Visualizing the fluctuation in term significance over time, with quotes from specific texts. Links to the full news articles referenced can be found in-text below. Figure by author

From the figure above, we can observe that the media started using the words “China” and “Chinese” more often in late January of 2020 when the coronavirus began spreading in Wuhan, China. Then, we see a spike in news coverage mentioning China when Donald Trump implements the China Travel Ban on January 31st. He controversially referred to COVID-19 as a “foreign virus” on March 11 when he announced the Europe Travel Ban. The next day, we see a spike in usage of the terms “Europe” and “foreign” by both media outlets as they respond to the March 11 press conference. Then, after Donald Trump started referring to COVID-19 as the “Chinese virus” or the “China virus”, we see a spike in term usage by media outlets again as they respond.

While these spikes are informative of the fluctuation of term importance over time, we must use the dates associated with the spikes to refer back to the full texts to understand how these terms were used by each media source. Upon further investigation, we see that Fox and CNN use these terms very differently. For instance, Ben Shapiro and Tucker Carlson, conservative political commentators associated with Fox News, both defended Trump’s use of the terms “foreign virus” and “Chinese virus”, dismissing concerns of the harm that such xenophobic language could cause. In contrast, CNN focused on criticizing Trump’s usage of the term, reporting that xenophobic language during crises has historically led to increased racism and violence. These observations suggest that some in the right-wing media amplified support for anti-Asian rhetoric.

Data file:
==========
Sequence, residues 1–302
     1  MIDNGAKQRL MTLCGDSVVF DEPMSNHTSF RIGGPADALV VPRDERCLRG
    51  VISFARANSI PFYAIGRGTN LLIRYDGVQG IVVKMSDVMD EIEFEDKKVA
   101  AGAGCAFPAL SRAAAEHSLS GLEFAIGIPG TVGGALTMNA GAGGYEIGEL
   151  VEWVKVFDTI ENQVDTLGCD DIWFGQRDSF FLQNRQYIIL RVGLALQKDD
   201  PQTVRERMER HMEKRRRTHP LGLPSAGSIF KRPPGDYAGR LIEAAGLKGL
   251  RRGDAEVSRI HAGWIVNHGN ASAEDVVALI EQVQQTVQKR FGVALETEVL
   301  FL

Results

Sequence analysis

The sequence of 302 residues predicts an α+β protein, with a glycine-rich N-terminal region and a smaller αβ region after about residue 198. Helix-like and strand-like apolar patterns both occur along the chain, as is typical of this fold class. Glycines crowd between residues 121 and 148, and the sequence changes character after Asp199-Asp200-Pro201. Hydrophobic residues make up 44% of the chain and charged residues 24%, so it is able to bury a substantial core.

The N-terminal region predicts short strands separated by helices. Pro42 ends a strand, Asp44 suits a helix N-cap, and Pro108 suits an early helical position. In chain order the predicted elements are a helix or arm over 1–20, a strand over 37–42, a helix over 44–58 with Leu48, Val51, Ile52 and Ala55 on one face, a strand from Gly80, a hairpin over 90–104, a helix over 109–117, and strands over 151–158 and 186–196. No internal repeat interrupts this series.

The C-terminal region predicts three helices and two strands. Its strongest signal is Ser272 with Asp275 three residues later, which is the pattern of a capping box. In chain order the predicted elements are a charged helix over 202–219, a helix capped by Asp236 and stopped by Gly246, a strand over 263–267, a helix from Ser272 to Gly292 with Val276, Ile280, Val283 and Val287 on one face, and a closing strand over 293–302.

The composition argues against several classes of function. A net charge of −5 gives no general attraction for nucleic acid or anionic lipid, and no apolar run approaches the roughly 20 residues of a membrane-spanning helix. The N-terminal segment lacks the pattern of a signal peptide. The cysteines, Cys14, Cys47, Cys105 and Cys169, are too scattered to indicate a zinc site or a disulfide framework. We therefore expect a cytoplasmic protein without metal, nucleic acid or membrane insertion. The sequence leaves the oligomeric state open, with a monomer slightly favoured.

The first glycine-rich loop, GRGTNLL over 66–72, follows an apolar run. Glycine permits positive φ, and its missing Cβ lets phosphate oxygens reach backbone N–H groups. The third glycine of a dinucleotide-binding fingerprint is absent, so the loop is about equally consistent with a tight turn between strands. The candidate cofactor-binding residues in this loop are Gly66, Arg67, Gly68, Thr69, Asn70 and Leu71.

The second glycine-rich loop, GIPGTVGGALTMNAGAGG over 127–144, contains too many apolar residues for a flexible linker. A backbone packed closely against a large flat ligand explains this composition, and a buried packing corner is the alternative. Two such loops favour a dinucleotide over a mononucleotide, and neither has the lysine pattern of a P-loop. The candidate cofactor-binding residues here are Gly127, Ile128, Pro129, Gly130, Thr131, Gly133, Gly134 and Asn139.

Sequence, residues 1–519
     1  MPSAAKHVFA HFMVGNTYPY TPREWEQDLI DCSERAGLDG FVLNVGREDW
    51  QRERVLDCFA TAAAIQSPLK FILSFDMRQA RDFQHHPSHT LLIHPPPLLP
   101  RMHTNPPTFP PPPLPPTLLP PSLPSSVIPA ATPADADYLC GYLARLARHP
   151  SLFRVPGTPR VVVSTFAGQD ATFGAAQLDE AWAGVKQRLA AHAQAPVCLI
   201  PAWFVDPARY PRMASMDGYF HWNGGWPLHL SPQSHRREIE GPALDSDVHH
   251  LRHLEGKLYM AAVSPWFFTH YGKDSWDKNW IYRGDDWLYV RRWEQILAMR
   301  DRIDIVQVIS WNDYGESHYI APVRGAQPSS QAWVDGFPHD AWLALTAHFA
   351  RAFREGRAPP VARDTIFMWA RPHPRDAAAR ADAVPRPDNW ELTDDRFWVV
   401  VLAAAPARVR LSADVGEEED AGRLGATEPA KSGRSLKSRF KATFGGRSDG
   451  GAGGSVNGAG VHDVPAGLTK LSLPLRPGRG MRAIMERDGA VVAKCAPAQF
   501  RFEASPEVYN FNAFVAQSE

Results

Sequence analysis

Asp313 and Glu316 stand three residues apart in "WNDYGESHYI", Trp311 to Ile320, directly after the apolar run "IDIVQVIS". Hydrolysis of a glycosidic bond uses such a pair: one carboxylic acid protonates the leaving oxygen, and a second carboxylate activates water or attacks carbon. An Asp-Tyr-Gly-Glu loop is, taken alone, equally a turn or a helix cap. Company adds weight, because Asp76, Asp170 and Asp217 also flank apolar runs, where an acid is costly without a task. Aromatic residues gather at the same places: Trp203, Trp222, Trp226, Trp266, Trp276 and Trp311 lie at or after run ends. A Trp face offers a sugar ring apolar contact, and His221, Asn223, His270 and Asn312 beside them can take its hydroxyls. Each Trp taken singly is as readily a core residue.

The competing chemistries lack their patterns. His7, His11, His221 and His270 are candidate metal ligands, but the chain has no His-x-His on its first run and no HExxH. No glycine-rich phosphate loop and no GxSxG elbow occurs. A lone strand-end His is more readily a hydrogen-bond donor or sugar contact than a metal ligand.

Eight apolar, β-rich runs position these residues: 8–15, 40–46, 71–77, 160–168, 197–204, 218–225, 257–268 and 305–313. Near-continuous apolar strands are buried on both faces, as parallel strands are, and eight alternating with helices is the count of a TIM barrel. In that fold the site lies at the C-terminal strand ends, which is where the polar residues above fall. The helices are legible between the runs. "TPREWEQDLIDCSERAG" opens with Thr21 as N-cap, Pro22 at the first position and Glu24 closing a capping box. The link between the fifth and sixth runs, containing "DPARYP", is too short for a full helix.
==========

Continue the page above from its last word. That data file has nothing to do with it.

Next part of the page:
Research has shown that public political discourse and media narratives using xenophobic language amplify existing divisions and negative stereotypes. A study conducted by Georgia Tech analyzed anti-Asian rhetoric in social media. Their findings suggest that exposure to anti-Asian hate speech was practically contagious, leading to a ripple effect of more anti-Asian hate speech. In summary, it is critical that politicians and media organizations (and anyone else for that matter) speak and write responsibly with a mindful approach.

As a Chinese-Vietnamese American woman, recent events hit close to home. I stand with fellow Asian Americans and advocates demanding a stop to the hate and violence. As the nation continues to deal with the ramifications partly stemming from anti-Asian rhetoric during the pandemic, I hope that people with the power to influence public opinion craft their speech responsibly as each utterance will ripple outward through filters beyond their control.

Passionate about applying machine learning creatively and artistically. Writing about exploratory work. (she/her/hers) Twitter: @StocasiaAI